Movie Review: 127 Hours
By Bill Wine
KYW Newsradio 1060
It should be static, but it’s not. It should be unwatchable, but it’s not. And it should be depressing, but it’s not.
Still, 127 Hours, a nightmarish account of a horrific ordeal, is not for everybody, even though it’s well made, well acted, and well worth two hours.
Regardless, recommending a movie that traps you with (nearly) its only character — a mountain climber who is trapped under a canyon boulder and must eventually do something unthinkable that will not be described here even though you probably already know what it is — is not an easy thing to do.
127 Hours pays off so differently than the typical movie experience, and asks so much more of the viewer in terms of patience and fortitude and openmindedness and commitment, even a proponent feels the need to issue a warning.
And a reminder — that not all experiences and writings lend themselves to the movie screen, even those that can be translated in commendable fashion, as this one is.
James Franco plays real-life hiker Aron Ralston, who fell into Blue John Canyon in Utah, where he was pinned under an immovable fallen boulder for an unthinkable five days, a harrowing ordeal he described in his 2004 memoir, Between a Rock and a Hard Place.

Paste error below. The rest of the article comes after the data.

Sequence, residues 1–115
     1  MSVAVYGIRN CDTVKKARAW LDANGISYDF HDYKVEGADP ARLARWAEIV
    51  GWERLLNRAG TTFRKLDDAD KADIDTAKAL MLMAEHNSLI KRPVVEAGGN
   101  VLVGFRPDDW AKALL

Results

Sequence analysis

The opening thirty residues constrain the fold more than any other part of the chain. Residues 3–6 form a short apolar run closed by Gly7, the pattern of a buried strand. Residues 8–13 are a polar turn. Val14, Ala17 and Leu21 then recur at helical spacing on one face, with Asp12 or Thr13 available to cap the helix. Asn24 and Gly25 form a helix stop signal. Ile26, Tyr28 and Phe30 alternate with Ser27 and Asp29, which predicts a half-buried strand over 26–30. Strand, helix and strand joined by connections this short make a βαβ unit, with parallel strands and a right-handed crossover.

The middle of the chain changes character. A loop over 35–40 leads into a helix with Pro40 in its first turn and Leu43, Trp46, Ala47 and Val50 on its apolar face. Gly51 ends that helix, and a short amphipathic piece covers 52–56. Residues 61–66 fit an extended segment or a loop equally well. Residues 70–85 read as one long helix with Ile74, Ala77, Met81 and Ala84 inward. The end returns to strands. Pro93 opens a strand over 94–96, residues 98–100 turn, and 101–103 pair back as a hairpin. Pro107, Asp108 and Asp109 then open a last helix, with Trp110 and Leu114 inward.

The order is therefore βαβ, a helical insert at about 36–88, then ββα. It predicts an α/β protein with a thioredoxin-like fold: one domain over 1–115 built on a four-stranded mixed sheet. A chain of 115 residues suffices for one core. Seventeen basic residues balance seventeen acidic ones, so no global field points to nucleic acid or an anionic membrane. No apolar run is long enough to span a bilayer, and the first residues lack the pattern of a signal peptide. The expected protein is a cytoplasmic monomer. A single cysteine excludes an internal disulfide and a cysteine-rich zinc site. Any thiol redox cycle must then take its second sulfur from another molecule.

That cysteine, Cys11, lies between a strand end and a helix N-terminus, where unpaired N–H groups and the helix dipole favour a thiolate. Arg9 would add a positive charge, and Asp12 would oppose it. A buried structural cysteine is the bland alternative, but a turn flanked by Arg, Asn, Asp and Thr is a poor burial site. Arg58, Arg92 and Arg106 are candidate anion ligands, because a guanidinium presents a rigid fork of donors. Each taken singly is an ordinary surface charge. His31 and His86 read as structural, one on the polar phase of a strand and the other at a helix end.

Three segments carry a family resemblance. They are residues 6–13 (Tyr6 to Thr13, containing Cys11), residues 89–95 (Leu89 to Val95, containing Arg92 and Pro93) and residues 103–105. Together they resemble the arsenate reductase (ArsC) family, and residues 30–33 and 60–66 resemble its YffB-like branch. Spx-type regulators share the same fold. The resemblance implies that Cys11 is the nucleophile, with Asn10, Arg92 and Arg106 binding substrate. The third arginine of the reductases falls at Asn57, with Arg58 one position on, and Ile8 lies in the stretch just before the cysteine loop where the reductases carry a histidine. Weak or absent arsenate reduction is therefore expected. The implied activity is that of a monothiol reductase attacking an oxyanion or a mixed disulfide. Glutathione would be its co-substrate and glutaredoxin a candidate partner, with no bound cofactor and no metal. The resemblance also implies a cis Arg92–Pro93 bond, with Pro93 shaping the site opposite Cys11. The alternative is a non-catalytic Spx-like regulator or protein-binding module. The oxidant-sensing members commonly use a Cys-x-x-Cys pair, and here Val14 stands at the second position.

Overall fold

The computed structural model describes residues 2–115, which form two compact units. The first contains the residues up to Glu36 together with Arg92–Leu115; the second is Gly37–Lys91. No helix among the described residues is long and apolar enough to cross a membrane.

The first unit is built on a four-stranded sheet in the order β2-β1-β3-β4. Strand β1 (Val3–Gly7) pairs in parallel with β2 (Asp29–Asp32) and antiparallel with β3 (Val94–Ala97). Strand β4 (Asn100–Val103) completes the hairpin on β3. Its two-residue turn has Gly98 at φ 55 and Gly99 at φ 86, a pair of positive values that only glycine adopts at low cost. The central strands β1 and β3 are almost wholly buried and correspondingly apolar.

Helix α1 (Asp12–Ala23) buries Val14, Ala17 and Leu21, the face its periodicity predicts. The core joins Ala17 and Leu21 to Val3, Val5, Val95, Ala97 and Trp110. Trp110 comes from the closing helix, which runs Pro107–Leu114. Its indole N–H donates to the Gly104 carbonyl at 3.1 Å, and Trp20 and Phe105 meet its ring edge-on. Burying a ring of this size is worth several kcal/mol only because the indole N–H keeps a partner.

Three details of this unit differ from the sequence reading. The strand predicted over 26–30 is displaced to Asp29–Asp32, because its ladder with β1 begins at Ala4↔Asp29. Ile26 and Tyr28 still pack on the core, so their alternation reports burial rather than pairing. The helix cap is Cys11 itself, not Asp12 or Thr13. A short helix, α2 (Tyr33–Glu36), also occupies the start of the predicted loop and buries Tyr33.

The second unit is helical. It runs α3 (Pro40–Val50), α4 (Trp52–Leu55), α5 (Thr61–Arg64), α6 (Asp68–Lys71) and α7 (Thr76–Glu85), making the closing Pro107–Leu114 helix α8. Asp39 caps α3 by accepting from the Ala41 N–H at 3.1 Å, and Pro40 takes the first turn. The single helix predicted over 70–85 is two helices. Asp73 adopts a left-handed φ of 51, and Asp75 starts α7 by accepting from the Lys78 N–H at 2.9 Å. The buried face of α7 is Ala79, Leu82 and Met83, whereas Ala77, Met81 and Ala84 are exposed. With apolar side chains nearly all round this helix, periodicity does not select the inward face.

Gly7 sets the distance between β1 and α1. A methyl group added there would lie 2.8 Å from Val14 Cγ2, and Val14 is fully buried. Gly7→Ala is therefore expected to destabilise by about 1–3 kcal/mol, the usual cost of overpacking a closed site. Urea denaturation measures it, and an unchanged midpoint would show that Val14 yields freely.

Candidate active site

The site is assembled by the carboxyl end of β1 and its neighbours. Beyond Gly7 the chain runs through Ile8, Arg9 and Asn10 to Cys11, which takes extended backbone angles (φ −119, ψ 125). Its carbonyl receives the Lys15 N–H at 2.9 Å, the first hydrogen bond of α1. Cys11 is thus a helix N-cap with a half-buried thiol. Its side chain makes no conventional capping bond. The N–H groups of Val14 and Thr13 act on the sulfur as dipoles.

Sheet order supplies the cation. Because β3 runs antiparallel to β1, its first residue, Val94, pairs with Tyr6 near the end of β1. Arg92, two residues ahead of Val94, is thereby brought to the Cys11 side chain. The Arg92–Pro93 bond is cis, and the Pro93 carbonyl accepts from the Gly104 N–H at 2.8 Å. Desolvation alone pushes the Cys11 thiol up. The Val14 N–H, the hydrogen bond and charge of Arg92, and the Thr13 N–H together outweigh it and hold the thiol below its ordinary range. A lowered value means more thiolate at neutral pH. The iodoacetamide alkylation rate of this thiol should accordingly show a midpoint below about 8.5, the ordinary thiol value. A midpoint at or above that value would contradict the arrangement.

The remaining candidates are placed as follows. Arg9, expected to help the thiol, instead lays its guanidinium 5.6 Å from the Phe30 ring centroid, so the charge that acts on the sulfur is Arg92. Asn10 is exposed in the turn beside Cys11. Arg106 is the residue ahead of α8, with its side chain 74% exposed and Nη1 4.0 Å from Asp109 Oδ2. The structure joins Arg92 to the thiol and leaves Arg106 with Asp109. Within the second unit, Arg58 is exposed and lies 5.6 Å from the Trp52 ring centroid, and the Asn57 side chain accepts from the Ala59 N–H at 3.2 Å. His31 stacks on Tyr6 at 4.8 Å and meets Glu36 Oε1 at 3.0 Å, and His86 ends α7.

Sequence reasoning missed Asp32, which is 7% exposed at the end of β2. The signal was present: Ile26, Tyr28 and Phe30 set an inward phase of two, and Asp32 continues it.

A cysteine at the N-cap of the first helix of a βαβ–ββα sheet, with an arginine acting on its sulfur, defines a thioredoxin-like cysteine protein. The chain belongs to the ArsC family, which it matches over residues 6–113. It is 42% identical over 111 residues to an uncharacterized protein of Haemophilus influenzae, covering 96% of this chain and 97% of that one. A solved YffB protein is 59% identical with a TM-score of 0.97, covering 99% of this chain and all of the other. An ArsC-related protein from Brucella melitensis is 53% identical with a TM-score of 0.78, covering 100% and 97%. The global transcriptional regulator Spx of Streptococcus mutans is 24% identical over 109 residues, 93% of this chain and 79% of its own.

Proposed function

Danny Boyle (Slumdog Millionaire, 28 Days Later, Shallow Grave, Trainspotting), who co-wrote the adapted screenplay with Simon Beaufoy, takes on the challenge of filming the unfilmable, and overcomes the problem inherent in this action flick with no action by taking an impressionistic approach, including Ralston’s flashbacks, fantasies, hallucinations, and memories as a hedge against the claustrophobia of the canyon.
And in the film’s most dramatic, excruciating, and inevitable scene, one that involves an act that you fear even as you submit and root for it, you confront the momentous what-would-I-have-done moment.
Expect to find it necessary to look away but impossible to stay away.
As the desperate and courageous but undeniably reckless canyoneer, Franco, who obviously carries virtually the entire film with no one else to play off of (even Tom Hanks had more company in Cast Away), is nothing short of spectacular. His tour de force performance not only fulfills but exceeds the expectations he just hinted at in such films as Spider-Man, Pineapple Express, Milk, and Eat Pray Love.
Put him on the short list for a best actor Oscar nomination.
There’s not much motion in this motion picture, but plenty of emotion. So bring your sense of indoor dread, as well as your belief that you’ll survive this tale of outdoor survival.
Meanwhile, we’ll trap 2½ stars out of 4 for the intensely visceral real-life-and-limb drama, 127 Hours. Certainly not a movie experience you’re likely to enjoy, but one that provides a vivid view of a mountain of accomplishments by Aron Ralston, Danny Boyle, and James Franco that you’re sure to admire.